OXFAM scandal soared to expulsion

By John Agok

OXFAM latest scandal has culminated into expulsion of its Country Director who is suspected to have engaged in undiplomatic activities that included sexual scandals in the Country.

South Sudan government deported the County Director of Oxfam International, nine days after arbitrary detention at a security facility in the country’s capital Juba, a media official for the organization has reported.

The authority remained tight lipped when contacted to comment on the issue regarding the latest scam.

Adil Al-Mahi was arrested by unidentified security officials on September 30, 2021 when he was leaving his office. Reasons behind his detention had not been made public as there was no official arrest warrant.

“He was deported after nine days of detention. They did not tell us the reason, we just discovered that he is already in Khartoum and he never briefed us of what had happened. He called when he was already in Sudan,”  Oxfam Senior Media and Campaign Officer, Dominic Kango Amos told the City Review.

According to the media report  , Oxfam Deputy Country Director, Juliet Moriku Balikowa said at that time Al-Mahi’s whereabouts were unknown.

“We don’t have any of that information [of his whereabouts], what we are doing now is to establish the fact of the matter and to ensure he is safe and well,” Juliet said.

Juba Monitor Newspaper caught up with NGO Forum Communication Officer Mr. Rembe Seme who admitted that they were aware of expulsion of OXFAM Boss but could not comment on the issue.

“Yes, we are aware of the expulsion of OXFAM Boss but we cannot comment at the moment”, he said.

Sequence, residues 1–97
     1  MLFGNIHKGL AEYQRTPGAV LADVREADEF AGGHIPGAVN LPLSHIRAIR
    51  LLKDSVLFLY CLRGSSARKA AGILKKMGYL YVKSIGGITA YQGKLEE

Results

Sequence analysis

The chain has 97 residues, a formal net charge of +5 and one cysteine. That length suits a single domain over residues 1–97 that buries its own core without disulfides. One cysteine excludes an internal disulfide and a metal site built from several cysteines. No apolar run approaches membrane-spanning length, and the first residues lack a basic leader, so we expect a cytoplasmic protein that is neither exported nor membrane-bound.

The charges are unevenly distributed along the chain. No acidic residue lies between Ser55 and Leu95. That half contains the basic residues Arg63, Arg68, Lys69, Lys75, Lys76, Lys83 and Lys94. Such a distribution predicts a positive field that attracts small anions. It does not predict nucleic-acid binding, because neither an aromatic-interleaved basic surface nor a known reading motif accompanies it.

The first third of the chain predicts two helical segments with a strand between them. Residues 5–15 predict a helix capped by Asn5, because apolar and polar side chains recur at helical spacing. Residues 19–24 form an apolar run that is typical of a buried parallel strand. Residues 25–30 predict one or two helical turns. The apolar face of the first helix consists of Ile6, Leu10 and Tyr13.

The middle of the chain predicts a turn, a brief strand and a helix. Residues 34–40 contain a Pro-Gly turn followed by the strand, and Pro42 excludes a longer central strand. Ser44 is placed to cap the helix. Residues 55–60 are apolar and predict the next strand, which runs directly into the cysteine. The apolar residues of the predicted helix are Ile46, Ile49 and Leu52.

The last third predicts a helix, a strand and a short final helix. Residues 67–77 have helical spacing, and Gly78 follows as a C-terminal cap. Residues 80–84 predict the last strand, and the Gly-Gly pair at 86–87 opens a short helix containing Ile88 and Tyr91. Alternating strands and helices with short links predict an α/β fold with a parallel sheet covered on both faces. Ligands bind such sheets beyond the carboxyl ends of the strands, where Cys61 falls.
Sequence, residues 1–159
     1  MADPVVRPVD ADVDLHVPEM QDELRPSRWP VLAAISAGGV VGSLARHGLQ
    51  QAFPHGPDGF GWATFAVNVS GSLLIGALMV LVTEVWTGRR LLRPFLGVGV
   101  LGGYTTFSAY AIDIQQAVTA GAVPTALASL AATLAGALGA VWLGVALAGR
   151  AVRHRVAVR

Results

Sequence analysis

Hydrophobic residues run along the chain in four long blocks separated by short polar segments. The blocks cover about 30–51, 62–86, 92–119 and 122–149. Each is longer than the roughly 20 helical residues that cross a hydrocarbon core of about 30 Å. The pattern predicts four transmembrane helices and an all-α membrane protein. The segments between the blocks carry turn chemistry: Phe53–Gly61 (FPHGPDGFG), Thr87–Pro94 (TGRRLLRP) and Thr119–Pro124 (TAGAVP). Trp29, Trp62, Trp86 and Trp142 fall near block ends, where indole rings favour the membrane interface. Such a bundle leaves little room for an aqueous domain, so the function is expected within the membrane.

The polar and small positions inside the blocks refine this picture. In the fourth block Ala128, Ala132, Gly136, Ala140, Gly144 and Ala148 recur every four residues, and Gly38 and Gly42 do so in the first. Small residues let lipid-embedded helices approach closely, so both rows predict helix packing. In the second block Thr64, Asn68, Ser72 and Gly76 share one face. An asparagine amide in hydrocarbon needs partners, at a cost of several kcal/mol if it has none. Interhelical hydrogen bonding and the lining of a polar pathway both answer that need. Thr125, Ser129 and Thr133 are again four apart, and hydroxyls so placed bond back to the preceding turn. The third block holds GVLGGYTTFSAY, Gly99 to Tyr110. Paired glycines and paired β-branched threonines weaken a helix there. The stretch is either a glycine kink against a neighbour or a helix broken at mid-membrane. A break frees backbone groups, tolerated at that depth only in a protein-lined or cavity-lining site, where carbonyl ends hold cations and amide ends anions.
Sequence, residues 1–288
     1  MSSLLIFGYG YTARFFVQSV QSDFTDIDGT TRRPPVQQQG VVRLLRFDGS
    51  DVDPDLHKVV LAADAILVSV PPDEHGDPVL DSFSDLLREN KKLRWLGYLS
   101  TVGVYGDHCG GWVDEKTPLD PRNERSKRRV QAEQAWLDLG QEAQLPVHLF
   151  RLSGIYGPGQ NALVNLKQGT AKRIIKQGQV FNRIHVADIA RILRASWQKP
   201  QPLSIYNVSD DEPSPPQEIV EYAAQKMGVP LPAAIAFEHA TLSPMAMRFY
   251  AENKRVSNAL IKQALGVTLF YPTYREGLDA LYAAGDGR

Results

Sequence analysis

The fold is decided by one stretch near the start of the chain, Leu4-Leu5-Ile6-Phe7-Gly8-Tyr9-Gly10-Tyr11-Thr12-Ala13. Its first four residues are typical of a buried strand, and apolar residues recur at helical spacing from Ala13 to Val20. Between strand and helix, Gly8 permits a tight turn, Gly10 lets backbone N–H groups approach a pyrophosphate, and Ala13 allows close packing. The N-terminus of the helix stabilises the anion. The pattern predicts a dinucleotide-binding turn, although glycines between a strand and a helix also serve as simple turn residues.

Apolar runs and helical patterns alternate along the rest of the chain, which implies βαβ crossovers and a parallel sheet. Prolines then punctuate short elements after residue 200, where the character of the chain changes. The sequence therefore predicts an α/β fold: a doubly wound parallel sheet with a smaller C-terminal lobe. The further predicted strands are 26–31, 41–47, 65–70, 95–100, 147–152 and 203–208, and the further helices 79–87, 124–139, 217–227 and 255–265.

Evans said she received three new allegations in a single day in February 2015, including one woman forced to have sex for aid.

“There was one of women being coerced to have sex in a humanitarian response by another aid worker, another case where a woman had been coerced to have sex in exchange for aid, and another came to our attention where a member of staff had been struck off for sexual abuse and hadn’t disclosed that,” she said.

Evans now a local councillor in England said she “struggled” to understand why senior management did not give her more resources to address the problem.

In a separate issue, Channel 4 cited figures showing seven incidents of “inappropriate conduct with children” in Oxfam’s shops in 2013/14.

          The former global head of safeguarding also warned of assaults on children volunteering in Oxfam’s hundreds of high-street charity shops in Britain.

She accused senior managers of failing to act, heaping pressure on chief executive Mark Goldring just hours after his deputy resigned over a scandal involving aid workers’ use of prostitutes in Haiti and Chad.

Haitian President Jovenel Moise spoke out about the scandal on Tuesday saying there was “nothing more undignified and dishonest” than humanitarian aid workers exploiting “needy people”.

Evans told Channel 4 News of a survey conducted during her 2012-2015 tenure which exposed a “culture of sexual abuse” in some Oxfam offices.

The survey of 120 staff across three countries found between 11 and 14 percent said they witnessed or experienced sexual assault.

Seven percent of staff in South Sudanwitnessed or experienced rape or attempted rape involving colleagues.

The revelations have caused outrage in Britain, where Oxfam received £31.7 million (35.7 million euros, $43.8 million) from the government last year.

Some commentators have said the scandal should prompt a rethink of Britain’s commitment to spend 0.7 percent of its national income on foreign aid — a UN target that only very few countries in the world respect.

‘Scope for abuse’

The international development ministry has begun a wider review of how the foreign aid sector deals with allegations of sexual misconduct in the workplace.

“Emergency situations are almost a perfect environment for these kinds of activities to emerge,” Mike Jennings, head of the Department of Development Studies at the University of London’s School of Oriental and African Studies, told AFP.

“You have extremely vulnerable people and a few people who are effectively controlling access to resources, or have huge amounts of power.

“Whenever you have those inequalities and variances in power, you have scope for abuse.”

Megan Nobert, who was drugged and raped by a fellow aid worker in South Sudan in 2015, told BBC radio that sexual violence in humanitarian work places was a “common occurrence”.

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